Quarterly results can be great or terrible if you’re actively looking at your stocks. I’ve seen stocks in my portfolio increase by 10% in one day thanks to a great quarter. I’ve also seen the opposite. Telus Corporation (TSX:T)(NYSE:TU), one of the major telecommunications companies in Canada, released its earnings earlier in the month. Although they weren’t bad, they left some investors worried. Let’s dive into the numbers, and then we can look at what I view to be the trouble in paradise for Telus. Telus’s operating revenues were strong at $3.27 billion, up 3.9%. And even its adjusted EBITDA was…
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Quarterly results can be great or terrible if you’re actively looking at your stocks. I’ve seen stocks in my portfolio increase by 10% in one day thanks to a great quarter. I’ve also seen the opposite.
Telus Corporation (TSX:T)(NYSE:TU), one of the major telecommunications companies in Canada, released its earnings earlier in the month. Although they weren’t bad, they left some investors worried.
Let’s dive into the numbers, and then we can look at what I view to be the trouble in paradise for Telus.
Telus’s operating revenues were strong at $3.27 billion, up 3.9%. And even its adjusted EBITDA was up 3.6% to $1.23 billion. But, as dynamic duo, Warren Buffett and Charlie Munger, would say, EBITDA is “horror squared.”
EBITDA stands for earnings before interest, taxes, depreciation, and amortization. Essentially, it is your earnings before indirect costs. If we looked just at EBITDA, the company is doing fine.
The problem is, EBITDA doesn’t take into consideration huge potential expenses. For Telus, it’s financing charges — a.k.a. interest. That’s why its adjusted net income was actually down 2.7% to $404 million. This is significant; I’ve been increasingly concerned about the company’s debt, and we’re beginning to see that it’s having an impact on net income.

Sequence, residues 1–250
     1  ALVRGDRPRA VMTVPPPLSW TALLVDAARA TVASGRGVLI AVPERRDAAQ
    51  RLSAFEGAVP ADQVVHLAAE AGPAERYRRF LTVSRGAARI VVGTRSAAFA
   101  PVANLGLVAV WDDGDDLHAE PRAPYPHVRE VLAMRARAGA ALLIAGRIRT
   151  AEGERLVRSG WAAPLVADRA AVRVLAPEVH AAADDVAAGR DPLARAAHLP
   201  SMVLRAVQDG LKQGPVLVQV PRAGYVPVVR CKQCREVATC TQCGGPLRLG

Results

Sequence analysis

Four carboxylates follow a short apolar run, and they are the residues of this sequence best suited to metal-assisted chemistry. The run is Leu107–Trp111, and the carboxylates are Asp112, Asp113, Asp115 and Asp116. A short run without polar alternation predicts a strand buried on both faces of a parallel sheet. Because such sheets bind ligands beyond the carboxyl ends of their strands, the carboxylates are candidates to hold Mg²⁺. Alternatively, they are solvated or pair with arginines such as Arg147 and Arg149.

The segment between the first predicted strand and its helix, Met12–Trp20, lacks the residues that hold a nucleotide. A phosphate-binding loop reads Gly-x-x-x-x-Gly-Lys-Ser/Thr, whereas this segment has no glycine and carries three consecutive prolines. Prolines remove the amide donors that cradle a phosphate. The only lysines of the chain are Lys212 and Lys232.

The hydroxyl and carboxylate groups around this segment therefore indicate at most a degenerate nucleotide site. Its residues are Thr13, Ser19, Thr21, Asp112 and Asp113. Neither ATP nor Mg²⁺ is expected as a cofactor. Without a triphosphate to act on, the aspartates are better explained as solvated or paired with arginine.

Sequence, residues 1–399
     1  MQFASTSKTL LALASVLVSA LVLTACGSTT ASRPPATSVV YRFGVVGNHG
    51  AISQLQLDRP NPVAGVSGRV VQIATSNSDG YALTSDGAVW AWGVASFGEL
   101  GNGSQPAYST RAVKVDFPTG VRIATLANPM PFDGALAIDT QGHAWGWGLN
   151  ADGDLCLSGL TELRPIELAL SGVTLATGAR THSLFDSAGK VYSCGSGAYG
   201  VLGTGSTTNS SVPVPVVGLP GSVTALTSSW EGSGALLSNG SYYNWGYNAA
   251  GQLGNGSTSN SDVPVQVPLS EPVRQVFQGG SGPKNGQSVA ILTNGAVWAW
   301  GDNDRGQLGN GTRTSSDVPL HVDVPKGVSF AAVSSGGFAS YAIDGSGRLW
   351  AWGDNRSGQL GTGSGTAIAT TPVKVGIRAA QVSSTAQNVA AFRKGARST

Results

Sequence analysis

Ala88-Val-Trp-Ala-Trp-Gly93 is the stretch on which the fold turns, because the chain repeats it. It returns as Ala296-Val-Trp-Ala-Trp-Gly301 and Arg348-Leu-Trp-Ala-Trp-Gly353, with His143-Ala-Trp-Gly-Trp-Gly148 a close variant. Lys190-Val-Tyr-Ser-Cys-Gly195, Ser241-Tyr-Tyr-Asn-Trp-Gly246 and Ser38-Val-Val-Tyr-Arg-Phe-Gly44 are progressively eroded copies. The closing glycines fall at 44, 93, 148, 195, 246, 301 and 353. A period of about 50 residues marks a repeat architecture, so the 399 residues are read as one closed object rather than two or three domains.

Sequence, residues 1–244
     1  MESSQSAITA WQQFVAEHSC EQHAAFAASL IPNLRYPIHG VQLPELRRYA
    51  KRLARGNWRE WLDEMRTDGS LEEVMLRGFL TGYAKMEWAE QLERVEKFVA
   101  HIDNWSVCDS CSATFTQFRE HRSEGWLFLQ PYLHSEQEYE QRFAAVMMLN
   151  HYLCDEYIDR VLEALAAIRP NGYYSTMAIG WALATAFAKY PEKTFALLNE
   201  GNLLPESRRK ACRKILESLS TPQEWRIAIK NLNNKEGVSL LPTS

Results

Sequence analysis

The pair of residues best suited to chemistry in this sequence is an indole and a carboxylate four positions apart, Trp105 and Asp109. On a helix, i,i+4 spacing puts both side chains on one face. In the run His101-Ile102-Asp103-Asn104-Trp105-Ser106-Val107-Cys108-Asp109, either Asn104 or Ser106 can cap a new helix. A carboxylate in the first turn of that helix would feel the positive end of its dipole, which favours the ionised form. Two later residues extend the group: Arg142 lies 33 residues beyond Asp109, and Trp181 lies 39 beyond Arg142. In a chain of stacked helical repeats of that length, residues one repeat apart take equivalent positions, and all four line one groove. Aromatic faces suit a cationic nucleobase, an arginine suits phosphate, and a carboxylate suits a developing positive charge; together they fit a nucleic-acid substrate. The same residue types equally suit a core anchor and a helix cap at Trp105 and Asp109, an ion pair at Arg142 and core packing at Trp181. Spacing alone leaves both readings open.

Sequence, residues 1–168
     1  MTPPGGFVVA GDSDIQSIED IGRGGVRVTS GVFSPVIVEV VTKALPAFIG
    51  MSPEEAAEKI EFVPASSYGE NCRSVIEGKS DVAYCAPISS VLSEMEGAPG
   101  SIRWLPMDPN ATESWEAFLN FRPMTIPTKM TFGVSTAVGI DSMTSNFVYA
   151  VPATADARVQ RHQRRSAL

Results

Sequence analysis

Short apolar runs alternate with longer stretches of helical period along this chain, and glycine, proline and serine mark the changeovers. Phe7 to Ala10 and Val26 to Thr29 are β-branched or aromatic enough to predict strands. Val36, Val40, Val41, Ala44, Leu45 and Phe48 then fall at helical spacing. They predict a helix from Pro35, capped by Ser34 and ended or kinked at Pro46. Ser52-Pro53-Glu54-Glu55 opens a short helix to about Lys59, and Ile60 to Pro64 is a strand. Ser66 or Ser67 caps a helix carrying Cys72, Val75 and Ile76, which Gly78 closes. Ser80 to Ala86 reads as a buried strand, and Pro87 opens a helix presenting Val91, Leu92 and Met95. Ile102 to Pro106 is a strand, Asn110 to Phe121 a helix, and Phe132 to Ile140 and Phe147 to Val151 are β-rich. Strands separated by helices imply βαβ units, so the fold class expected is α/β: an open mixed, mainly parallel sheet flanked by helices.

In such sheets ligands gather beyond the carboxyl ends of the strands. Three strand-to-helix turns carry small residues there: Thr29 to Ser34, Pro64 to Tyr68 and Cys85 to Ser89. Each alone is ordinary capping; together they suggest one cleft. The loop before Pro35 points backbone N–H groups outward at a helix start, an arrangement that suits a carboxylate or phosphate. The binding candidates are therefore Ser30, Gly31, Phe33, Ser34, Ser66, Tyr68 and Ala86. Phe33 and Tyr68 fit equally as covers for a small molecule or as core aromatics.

The gross interest expense for the quarter was $144 million, up 4.3% from Q2 2016. It’s a small increase, but it demonstrates that the average long-term debt balances outstanding for the company is increasing.
We know this is true because in December, Telus had US$613 million in outstanding commercial paper. By March, that had grown to US$1.122 billion. If a company continues to pick up debt, it has to pay more interest, and that cuts into net income.
Part of the reason debt has increased so much is because of the company’s desire to consistently increase its dividend. With interest rates so cheap, it was a great way for Telus to reallocate the bulk of its resources to rewarding investors. And the company does a great job at that with a 4.43% yield and a quarterly distribution of $0.49.
The problem is simple: interest rates are beginning to increase.
What really concerns me is that Telus’s weighted average interest rate on long-term debt was 4.16% in June 2017 compared to 4.32% in June 2016.
Wait — that’s a lower interest rate. That’s good, right? It is, except for the fact that despite a lower rate, Telus paid more in interest. If rates begin to increase, this could become a bigger problem.
Telus is an awesome company, and although its net income is struggling in part because of its interest costs, it pays a lucrative dividend.
And, just as importantly, Telus is an integral part of our society, because we’re all addicted to our phones.
I’m not suggesting that Telus is going to go bankrupt; it’s still profitable and is generating cash flow, which is what’s needed to actually make the interest payments.
For years, we’ve called Telus a buy-and-forget stock. Telus’s earnings release is a reminder that there’s no such thing as a buy-and-forget stock.
Management’s strategies change, and sometimes they fall out of sync with our original thesis. Don’t check your stocks regularly, but every once in a while, reassess your thesis.
Telus is a great company, but its debt is becoming a problem — we see that in the earnings.
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Fool contributor Jacob Donnelly has no position in any stocks mentioned.